Should the UK join the European Economic Area (EEA), there would not be substantive difference. The EEA Agreement creates a single market bringing together EU Member States and EEA/EFTA States (Iceland, Liechtenstein and Norway) in order to ensure equal competition conditions and uniform procedural and substantive competition rules. For this propose, Articles 53-54 of the EEA Agreement mirror Articles 101-102 TFEU and substantive equivalents to Regulations 1/2003 and 773/2004 have been incorporated into Protocols to the EEA Agreement. Public enforcement of the EEA Agreement splits two-ways: the Commission has the power to enforce competition law within the EU-pillar and the EFTA Surveillance Authority within the EFTA-pillar (referred to as the ‘two-pillar’ structure of the EEA). The EFTA Surveillance Authority enforces the prohibitions in Iceland, Liechtenstein and Norway and undertakings active in those EFTA States must comply with EEA competition rules.
However, despite the similarity of legislation, the UK’s competition law regime could start to diverge from EU competition law as national courts will not be bound by rulings of the Court of Justice of the European Union (CJEU). Specifically, English courts could refer matters to the EFTA Court (whose decisions are merely advisory), but not the CJEU. Moreover, the UK’s Competition and Markets Authority would share responsibility for competition law enforcement with the EFTA Surveillance Authority, instead of the European Commission. This change would be mitigated by the fact that there is close contact and cooperation between the European Commission and the EFTA Surveillance Authority, the two institutions overseeing the application of the ‘same’ laws in different parts of the EEA (Protocol 23 concerning the cooperation between the surveillance authorities).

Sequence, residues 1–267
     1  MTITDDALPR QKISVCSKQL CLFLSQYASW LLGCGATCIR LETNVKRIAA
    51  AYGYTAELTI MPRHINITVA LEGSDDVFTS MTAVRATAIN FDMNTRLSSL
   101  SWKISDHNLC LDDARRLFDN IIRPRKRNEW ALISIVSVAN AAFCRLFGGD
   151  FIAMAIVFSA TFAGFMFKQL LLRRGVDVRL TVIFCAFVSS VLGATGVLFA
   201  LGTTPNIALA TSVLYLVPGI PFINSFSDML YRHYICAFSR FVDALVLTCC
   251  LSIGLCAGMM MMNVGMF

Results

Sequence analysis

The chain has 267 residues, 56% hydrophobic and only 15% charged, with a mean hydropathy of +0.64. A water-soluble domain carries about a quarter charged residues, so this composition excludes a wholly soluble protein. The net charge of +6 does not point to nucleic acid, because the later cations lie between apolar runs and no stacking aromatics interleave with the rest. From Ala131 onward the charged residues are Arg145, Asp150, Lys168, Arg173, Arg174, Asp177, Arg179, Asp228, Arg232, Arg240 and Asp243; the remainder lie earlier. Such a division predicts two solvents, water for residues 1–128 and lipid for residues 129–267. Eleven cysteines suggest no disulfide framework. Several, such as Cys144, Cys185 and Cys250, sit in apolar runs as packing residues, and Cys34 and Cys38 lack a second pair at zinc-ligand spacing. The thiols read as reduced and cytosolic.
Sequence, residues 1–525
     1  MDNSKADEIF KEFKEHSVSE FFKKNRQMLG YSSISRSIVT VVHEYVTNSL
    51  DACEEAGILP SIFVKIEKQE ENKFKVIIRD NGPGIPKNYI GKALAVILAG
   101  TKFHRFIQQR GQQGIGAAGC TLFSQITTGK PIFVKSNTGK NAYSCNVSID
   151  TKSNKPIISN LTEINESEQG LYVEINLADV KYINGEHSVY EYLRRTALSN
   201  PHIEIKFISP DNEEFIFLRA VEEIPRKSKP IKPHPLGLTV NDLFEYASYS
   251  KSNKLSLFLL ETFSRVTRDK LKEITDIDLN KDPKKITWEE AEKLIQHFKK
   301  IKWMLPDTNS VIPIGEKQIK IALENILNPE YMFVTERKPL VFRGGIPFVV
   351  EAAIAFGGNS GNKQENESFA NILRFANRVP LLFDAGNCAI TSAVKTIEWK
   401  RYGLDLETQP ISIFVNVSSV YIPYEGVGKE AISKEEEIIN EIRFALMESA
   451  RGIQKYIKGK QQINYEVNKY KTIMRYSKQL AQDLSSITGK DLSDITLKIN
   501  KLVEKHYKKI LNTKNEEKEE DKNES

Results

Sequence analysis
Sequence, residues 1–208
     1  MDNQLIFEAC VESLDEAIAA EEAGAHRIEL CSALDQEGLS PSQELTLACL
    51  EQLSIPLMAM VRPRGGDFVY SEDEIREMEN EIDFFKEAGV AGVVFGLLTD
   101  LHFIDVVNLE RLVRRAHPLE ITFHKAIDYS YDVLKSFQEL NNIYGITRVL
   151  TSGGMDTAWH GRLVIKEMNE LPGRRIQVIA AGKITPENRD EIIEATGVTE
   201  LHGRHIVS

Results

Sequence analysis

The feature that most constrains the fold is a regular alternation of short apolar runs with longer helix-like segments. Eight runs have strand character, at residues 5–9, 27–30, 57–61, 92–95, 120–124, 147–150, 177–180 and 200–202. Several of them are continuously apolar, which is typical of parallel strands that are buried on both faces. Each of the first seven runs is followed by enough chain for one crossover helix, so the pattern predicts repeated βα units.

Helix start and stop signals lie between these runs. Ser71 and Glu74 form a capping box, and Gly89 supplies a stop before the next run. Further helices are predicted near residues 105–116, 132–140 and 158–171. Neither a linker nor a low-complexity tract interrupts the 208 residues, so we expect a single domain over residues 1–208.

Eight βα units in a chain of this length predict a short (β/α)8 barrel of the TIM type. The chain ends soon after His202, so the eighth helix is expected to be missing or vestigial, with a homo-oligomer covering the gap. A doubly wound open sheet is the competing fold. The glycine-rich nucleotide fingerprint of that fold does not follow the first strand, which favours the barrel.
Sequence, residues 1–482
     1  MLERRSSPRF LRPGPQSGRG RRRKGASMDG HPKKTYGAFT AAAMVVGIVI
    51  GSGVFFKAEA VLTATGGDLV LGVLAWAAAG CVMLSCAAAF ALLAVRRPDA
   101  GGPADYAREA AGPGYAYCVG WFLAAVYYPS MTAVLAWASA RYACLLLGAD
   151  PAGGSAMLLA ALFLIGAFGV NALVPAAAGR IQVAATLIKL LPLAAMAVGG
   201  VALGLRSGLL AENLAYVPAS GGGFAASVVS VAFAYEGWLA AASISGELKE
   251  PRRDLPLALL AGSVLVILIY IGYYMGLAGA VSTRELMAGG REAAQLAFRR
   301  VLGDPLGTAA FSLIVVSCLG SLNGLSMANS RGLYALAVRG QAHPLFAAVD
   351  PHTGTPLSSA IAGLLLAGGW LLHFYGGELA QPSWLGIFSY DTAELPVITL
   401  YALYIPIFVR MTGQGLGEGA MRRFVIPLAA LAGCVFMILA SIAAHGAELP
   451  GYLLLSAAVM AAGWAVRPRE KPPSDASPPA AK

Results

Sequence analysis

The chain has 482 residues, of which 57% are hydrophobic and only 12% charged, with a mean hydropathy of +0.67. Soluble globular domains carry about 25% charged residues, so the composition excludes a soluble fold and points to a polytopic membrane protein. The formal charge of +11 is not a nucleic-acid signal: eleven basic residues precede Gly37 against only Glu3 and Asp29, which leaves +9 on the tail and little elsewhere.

With regard to private enforcement, similarly to Articles 101-102 TFEU, Articles 53-54 EEA confer rights upon private parties. The EFTA Court, following the CJEU, has encouraged private enforcement in order to ensure the effectiveness of competition law. The Antitrust Damages Actions Directive is ‘EEA relevant’ and the new legislation could therefore continue to be applicable in private litigation. However, for effective enforcement, a cross-pillar application of the directive is necessary, as only then would final decisions by the EFTA National Competition Authorities (NCAs) under Articles 53-54 EEA serve as prima facie evidence in an action for damages before national courts of an EU Member State. Similarly, final decisions of the EU NCAs under Articles 101-102 and Articles 53-54 would serve as prima facie evidence before courts of the EFTA/EEA States.